Try 1 Min Quiz To See If You Have Binge Eating Disorder

How To Learn The Different Languages Of Your Body

Last updated on April 10, 2020

You can also download the audio version from the Eating Enlightenment website here.

This past Saturday I gave an open, free overeating workshop at the Santa Clara library.

During this workshop I met some interesting characters who had some interesting stories.

One story in particular resonated with me. I met an older Indian man and his wife who were living with their son who worked at Google.

He was now wondering what he should next in terms of health.

And I was able to connect with him in a powerful way by giving him analogies to learning a different language.

He had a question about why he was always hungry even though he wasn’t hungry, but because of his accent, he couldn’t understand my answers.

So instead …

I focused on the analogy of how to learn different language, but not verbal languages, the language of the body. This was easier to explain to him!

See, this man said he had a problem with overeating. He was eating too much. Eating too much till the point of feeling bloated, guilty, and anxious.

But, something I noticed was that his English was excellent. His wife on the other hand could understand my body language and my gestures which I was exaggerating, but the husband was the translator. He had learned English very well.

This insight would help me later on explain to him:

  • Why he needed to realize his body spoke a foreign language that he could listen to.
  • How the same skills he used to learn English could be applied to learning the different language of his body.
  • How to learn different languages of his body he would need to practice!

Before I gave this man some eating wisdom about learning a different language of his body, I first got to know him and hear his story (which I explain in video above).

How To Learn Different Languages Commentary:

He was not used to having all these different food choices around him. Back in India, he didn’t have grocery stores lined with rows of food.

By having all the food around him that he wasn’t used to, this man was struggling with overeating. He just would keep eating.

His whole life he had been skinny he said, but in the last couple years of living in America, he had put on a lot of weight. Previously in India he didn’t even need to think about his weight but now it was becoming a problem.

I was able to talk with this man and try to understand his situation and more depth.

But there were several things unique about this man’s situation.

First, never dieted or had tried to lose weight before – isn’t this crazy?

We Americans are so used to trying to lose weight that it’s really hard to imagine someone never dieting or having tried to lose weight before

Second, not emotionally eating – interestingly enough this man swore he was not eating because he was stressed out or sad. I quizzed him on this.

I said that he most likely was feeling some stress because he was living in a new city and was away from his extended family. However, his wife and him both swore that he was doing fine.

So this really made things interesting. It’s very rare when somebody is not an emotional eater but still overeats.

So I simply asked The man if he felt his belly while he was eating. He said no. He said he always ignored his body. This to me was incredibly interesting. This man seemed very articulate, well put together, and yet he was ignoring his body signals?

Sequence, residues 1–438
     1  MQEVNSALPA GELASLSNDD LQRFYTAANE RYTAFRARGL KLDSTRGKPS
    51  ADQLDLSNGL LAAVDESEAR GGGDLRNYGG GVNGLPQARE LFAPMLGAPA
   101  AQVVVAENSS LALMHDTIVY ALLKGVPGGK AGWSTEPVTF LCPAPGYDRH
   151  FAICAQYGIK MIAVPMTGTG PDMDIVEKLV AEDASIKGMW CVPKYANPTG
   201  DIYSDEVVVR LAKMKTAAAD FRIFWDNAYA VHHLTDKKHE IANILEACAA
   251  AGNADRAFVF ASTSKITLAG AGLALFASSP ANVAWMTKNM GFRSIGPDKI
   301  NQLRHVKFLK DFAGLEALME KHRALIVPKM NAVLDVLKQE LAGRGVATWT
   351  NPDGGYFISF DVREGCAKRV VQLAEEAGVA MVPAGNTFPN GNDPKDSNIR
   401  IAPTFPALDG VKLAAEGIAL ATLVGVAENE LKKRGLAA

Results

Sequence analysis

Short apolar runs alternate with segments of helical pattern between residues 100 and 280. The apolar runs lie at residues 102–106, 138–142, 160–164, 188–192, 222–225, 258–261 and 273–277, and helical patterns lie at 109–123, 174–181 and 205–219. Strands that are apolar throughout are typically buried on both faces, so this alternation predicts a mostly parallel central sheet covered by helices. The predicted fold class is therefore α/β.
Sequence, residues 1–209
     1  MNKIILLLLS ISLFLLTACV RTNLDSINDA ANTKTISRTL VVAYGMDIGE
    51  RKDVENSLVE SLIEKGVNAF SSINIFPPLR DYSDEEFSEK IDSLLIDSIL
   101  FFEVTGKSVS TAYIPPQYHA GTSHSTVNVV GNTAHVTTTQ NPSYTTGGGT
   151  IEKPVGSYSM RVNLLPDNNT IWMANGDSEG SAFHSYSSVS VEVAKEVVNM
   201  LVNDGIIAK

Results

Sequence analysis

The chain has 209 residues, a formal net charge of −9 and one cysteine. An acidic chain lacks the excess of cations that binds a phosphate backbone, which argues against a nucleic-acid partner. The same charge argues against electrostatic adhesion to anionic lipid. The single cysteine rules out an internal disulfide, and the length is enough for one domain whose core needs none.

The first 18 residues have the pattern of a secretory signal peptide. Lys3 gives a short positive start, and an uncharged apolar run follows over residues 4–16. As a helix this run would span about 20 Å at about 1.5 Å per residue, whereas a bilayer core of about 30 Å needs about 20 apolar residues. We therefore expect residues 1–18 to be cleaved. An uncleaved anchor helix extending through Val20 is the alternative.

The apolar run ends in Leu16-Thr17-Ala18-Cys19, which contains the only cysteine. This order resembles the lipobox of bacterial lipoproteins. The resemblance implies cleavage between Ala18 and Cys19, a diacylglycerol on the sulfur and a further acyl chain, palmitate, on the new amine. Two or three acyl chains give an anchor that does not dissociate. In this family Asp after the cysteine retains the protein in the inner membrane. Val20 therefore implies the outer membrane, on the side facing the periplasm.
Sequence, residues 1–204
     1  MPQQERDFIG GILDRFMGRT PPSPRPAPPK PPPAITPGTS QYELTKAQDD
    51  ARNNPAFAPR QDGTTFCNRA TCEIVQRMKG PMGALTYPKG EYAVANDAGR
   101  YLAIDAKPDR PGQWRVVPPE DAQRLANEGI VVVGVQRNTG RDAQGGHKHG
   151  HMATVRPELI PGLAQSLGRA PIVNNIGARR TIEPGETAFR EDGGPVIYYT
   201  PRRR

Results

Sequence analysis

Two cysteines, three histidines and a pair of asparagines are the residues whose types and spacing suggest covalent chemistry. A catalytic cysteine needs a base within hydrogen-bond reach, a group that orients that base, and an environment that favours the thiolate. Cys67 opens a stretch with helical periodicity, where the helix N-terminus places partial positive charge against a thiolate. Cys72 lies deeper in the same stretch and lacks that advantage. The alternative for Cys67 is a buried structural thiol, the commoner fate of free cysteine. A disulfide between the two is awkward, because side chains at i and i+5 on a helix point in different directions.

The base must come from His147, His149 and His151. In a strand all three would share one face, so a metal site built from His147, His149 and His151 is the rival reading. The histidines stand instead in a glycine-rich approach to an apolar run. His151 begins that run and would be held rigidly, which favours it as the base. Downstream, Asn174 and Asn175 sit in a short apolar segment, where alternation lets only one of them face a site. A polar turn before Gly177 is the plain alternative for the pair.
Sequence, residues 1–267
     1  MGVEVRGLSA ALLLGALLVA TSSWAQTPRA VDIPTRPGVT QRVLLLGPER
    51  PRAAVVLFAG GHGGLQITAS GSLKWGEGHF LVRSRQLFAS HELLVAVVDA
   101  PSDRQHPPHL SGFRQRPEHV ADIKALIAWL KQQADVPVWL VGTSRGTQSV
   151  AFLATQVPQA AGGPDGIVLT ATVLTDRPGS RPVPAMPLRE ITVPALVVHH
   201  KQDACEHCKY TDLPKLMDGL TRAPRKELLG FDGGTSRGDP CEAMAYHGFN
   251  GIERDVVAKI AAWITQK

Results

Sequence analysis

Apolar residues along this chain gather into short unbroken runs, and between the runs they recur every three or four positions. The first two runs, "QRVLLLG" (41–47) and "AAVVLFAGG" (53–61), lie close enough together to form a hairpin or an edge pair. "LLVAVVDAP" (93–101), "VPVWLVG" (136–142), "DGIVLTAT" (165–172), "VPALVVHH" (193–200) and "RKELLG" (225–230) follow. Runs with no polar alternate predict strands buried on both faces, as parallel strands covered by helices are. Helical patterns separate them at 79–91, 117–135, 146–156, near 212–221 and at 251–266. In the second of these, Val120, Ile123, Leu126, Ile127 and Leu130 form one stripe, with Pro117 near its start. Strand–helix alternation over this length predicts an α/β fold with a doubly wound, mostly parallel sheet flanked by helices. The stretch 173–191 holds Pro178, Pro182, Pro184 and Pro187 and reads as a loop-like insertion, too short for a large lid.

I dove deeper under this topic and it appeared that this man genuinely was not listening or connecting to his body.

However, he definitely understood the concept that his body had a different language that spoken terms of hunger, fullness and food satisfaction.

Thinking about learning English was a useful analogy that helped me give him info on how to learn different languages of his body.

I started giving examples about how his body was speaking to him like with hunger listening to the stomach growl. Another example that I gave this man was listening to his belly and feeling his belly the sensations of stretching when he was full.

This was the body’s language I told him, and he had to learn to listen and respect his body’s language if he wanted to stop over eating.

I commended him I asked him about how he learned English and what exercises the software program gave him.

He said that he had began practicing with a software program. I didn’t ask which software program but I assume he meant Rosetta Stone or some other language learning program.

So I asked him about how he learned English and what exercises the software program gave him.

Then I asked him how long it took him to learn English and …

He said that it took him a few months to get the basics down, and a few years to become fluent.

And so I told him the same thing is true with eating.

I told him that you can probably stop binge eating in a few months, but to really truly fully stop the wheel and momentum of emotional eating, you’ll need a bit longer.

Then I corrected myself and said oh yeah you don’t emotionally eat so maybe just a few months for you.

Here’s another post about emotional eating, because perhaps you are more aware of yourself and can honestly seek help 🙂

So that’s my story. And I want to ask you a question.

What did you get out of the story? And are you willing to learn your body’s language?

Please try this short 6 question quiz to see if you have Binge Eating Disorder.

You’ll be asked about the 6 main clinical criteria used to medically diagnose. 

Leave a comment I'd love to hear from you :)

Your email address will not be published. Required fields are marked

{"email":"Email address invalid","url":"Website address invalid","required":"Required field missing"}